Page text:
My sister actually came across this comic in Nashville about a week ago. The creators were there and promoting the series. My sister was kind enough to tell them that I worked for Bleeding Cool and purchased me the first two copies of Kids 2 Kings.
The story is set in the ancient world wherein there are Ancients, godlike beings with immense and mysterious power, and Mortals, beings with great powers that are still, well, mortal.
A diplomatic envoy from Kerma arrives in the land of Kush made up of a royal family and their children. The children are Ausar, Seth, Auset, and Nehbet. Immediately upon arriving, Ausar challenges his friend and rival Bes, son to the king of Kush, to a battle. The parents allow the battle, but Bes postpones it, as he wants an exhibition of the powers of Ausar's siblings. Seth can control the sand and manipulate perception, Auset is an illusionist, and Nehbet can control the elements — though Nehbet is not yet fully in control of her powers.
The battle picks up in the second issue, and we get some background on the rivalry between Ausar and Bes, including the how Ausar's family has stoked the flames of rivalry.
I will discuss the downsides first. The main confusion in reading these first two issues are the adults. In short, I'm not sure who is who. None of them are particularly well established. The King of Kush is easily identifiable by his garb, and I figured out who the mother and grandfather of Ausar were by the end of the second issue. However, beyond that, I was unsure who was related to Ausar, who was related to Bes, and who is merely a part of the envoy.
The context for the visit, the relationship between the two families, and what is going on between them is left unexplained in the first two issues, as well. The rivalry and battle between Ausar and Bes is the main plot for these introductory comics, but a little more backstory would have really helped.
That being said, the children are far better established and identifiable. Ausar is a hot-headed Shonen-esque protagonist, Bes is more collected, Seth is a passive intellectual, Auset is a trickster, and Nehbet is a timid girl with incredible power.
And they're quite likable. It was easy to be invested in these characters. Ausar is cool, and Seth is interesting. Auset and Nehbet don't receive quite as much characterization, but that could be resolved in future issues.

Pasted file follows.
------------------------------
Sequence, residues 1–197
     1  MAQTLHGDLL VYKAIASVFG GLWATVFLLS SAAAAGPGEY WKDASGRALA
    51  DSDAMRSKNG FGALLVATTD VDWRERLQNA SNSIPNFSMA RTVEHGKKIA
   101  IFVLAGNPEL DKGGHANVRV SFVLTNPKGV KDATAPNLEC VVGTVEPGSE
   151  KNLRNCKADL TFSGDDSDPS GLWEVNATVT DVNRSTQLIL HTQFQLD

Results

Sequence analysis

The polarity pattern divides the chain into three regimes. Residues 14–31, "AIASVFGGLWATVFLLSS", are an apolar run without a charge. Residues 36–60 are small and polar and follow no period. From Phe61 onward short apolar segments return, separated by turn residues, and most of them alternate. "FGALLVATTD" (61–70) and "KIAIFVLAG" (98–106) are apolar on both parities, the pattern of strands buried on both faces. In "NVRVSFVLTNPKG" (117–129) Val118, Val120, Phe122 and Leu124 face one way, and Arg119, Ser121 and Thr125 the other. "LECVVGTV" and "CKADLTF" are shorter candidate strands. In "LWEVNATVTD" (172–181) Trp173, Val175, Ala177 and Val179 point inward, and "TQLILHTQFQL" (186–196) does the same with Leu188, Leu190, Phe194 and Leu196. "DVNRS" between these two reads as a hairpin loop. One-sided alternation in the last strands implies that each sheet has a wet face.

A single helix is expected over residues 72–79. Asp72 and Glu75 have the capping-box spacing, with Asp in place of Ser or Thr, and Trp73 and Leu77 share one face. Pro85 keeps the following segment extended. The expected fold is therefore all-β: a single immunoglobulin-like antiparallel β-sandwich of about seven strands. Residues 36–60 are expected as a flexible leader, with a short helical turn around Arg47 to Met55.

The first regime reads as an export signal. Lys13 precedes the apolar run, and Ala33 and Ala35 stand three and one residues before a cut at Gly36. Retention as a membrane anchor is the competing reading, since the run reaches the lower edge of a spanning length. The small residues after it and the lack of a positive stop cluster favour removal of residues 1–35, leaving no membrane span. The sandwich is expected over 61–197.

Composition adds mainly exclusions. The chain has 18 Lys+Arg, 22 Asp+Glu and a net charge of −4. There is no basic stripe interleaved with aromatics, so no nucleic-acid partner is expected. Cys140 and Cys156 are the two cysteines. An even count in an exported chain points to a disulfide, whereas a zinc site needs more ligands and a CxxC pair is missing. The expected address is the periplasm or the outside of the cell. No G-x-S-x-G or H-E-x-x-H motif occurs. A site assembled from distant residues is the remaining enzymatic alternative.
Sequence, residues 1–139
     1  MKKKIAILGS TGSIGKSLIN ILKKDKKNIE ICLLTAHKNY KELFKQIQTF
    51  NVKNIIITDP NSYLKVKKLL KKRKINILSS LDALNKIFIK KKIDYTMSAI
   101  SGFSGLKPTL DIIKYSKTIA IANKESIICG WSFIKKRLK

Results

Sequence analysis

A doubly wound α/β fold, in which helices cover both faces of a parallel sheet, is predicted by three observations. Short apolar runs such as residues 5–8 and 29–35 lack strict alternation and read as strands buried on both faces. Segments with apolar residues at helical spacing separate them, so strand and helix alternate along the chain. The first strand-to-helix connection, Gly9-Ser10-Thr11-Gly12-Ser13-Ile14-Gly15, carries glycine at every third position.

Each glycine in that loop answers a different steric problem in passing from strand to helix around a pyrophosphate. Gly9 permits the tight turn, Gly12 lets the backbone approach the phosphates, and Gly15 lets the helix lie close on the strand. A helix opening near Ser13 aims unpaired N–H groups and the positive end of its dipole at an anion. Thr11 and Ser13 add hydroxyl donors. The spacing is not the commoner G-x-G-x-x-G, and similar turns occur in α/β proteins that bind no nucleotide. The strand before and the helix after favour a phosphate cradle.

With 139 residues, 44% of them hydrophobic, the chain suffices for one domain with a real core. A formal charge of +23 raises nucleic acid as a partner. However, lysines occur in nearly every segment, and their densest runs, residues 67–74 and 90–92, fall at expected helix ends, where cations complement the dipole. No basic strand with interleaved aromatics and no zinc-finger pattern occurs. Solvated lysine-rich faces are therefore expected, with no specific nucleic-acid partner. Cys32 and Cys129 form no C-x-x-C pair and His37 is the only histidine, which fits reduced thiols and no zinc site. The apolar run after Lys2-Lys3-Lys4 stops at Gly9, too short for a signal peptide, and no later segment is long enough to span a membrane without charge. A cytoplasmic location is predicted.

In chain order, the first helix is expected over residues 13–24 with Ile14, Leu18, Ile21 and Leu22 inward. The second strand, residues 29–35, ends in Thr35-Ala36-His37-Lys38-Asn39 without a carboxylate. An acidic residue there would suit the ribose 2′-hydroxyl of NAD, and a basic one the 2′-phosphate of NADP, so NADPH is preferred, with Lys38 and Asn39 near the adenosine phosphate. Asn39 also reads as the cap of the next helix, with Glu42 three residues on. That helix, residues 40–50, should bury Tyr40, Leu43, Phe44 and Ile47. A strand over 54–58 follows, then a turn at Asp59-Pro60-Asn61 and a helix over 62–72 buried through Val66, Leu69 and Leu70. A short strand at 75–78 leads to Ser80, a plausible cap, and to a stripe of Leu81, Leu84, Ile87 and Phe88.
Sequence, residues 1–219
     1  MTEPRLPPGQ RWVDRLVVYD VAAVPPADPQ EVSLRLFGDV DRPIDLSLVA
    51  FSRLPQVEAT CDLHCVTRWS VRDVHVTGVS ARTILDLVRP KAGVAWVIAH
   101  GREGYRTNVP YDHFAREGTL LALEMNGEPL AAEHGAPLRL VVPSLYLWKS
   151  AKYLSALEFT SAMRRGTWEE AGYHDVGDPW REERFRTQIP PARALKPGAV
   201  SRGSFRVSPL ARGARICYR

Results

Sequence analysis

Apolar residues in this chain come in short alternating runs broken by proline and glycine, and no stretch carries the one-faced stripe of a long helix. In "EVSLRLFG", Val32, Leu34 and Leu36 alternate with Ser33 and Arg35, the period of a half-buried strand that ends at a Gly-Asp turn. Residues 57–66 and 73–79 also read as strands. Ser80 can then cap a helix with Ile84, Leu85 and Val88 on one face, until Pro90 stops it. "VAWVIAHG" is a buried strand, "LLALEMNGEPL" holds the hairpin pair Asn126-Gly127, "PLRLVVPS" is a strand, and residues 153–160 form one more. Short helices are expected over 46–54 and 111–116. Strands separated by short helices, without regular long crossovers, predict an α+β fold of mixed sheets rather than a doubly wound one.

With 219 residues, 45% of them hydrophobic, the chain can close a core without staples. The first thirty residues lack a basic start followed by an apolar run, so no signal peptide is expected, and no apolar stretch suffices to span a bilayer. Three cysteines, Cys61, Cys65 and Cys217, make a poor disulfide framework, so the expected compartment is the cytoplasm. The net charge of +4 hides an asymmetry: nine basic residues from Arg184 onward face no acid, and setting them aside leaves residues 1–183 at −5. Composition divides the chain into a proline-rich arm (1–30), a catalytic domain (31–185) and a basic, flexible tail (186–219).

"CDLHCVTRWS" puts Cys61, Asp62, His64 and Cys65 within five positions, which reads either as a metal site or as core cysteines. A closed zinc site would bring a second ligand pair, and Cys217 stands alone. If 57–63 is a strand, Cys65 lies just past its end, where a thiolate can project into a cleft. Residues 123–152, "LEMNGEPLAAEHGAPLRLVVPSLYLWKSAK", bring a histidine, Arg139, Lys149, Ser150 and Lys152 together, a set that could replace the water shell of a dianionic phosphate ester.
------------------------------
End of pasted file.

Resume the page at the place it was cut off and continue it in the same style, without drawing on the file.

The action sequences are awesome, too. These kids are really cool, and their abilities are very impressive. The battle between Ausar and Bes is incredible and reminiscent of some great showdowns in manga and anime.
The dialogue is solid, too. There are some good one-liners, and, despite some of the above-mentioned gaps in establishment and exposition, the dialogue moves the plot forward handily and lets you know what kind of relationships exist between most of the characters while letting you know who the characters themselves are.
As you can see, the writing is rock-solid overall, and writer Manuel Godoy should be proud of what he's put together here.
The art, as you can see, is heavily inspired by manga and anime. However, it has a depth and texture that many offerings of those genres lack, and it works to this comic's advantage. Artist David Lenormand's work here is gorgeous, and, as I already said, he makes the action scenes and display of powers look great.
As I said in my article about Marvel's America Chavez being made into a goddess character, both Marvel and DC could use more gods and goddesses in their rotation (and not just in one-off stories) that have South American, African, and Asian origins. In short, they could use a little color in their pool of immortals. They don't even have to come from a mythology, though using mythology comes with a baked-in backstory and personality.
Kids 2 Kings provides the kind of things I'm looking for. These are awesome characters of African and Middle-Eastern origin, and they're gods (or demigods). It's cool, and I'm always up for more variety and diversity of characters in comic books. I would love to see Kids 2 Kings take off and be able to fund an ongoing series.
That's why I'm linking to the Kickstarter page for this comic. I want to see it go farther. The project has already exceeded its goal, but extra support always helps. There is also talk of a motion comic and, potentially, an animated series.
Creators Manuel Godoy and David Lenormand did some great work here, and you should seek this comic out and pick up an issue. This one easily gets a recommendation.